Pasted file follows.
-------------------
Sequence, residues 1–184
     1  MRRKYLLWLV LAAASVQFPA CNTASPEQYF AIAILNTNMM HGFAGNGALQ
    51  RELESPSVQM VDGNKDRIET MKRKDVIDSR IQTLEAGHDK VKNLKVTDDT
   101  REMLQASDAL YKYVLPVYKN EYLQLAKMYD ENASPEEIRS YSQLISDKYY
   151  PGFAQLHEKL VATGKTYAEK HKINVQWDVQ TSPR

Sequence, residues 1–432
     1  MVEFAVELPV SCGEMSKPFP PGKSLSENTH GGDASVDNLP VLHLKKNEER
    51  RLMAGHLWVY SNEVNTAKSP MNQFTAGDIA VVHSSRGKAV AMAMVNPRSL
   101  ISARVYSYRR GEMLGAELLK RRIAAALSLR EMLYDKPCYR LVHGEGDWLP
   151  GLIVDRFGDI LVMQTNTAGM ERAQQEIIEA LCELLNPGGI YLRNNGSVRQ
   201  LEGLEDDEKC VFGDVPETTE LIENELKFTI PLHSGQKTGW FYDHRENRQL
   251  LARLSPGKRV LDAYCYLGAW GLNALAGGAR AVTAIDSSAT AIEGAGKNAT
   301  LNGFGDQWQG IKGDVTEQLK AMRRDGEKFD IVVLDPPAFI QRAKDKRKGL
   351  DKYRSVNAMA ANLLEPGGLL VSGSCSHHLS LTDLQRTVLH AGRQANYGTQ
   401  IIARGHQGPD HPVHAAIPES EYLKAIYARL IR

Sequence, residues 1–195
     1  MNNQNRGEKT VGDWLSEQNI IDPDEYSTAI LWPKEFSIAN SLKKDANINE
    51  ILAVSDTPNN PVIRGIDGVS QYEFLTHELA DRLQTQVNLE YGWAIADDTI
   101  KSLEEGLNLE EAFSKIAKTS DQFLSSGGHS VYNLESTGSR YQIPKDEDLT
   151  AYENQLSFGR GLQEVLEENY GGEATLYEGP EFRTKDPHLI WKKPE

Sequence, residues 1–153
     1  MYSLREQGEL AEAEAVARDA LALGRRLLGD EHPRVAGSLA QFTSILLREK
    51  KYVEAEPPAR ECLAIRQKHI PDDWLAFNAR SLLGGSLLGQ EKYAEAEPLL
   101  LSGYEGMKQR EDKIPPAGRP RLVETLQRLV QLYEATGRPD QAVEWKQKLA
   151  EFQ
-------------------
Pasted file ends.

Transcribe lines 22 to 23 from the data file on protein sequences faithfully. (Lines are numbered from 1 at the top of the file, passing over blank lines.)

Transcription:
     1  MYSLREQGEL AEAEAVARDA LALGRRLLGD EHPRVAGSLA QFTSILLREK
    51  KYVEAEPPAR ECLAIRQKHI PDDWLAFNAR SLLGGSLLGQ EKYAEAEPLL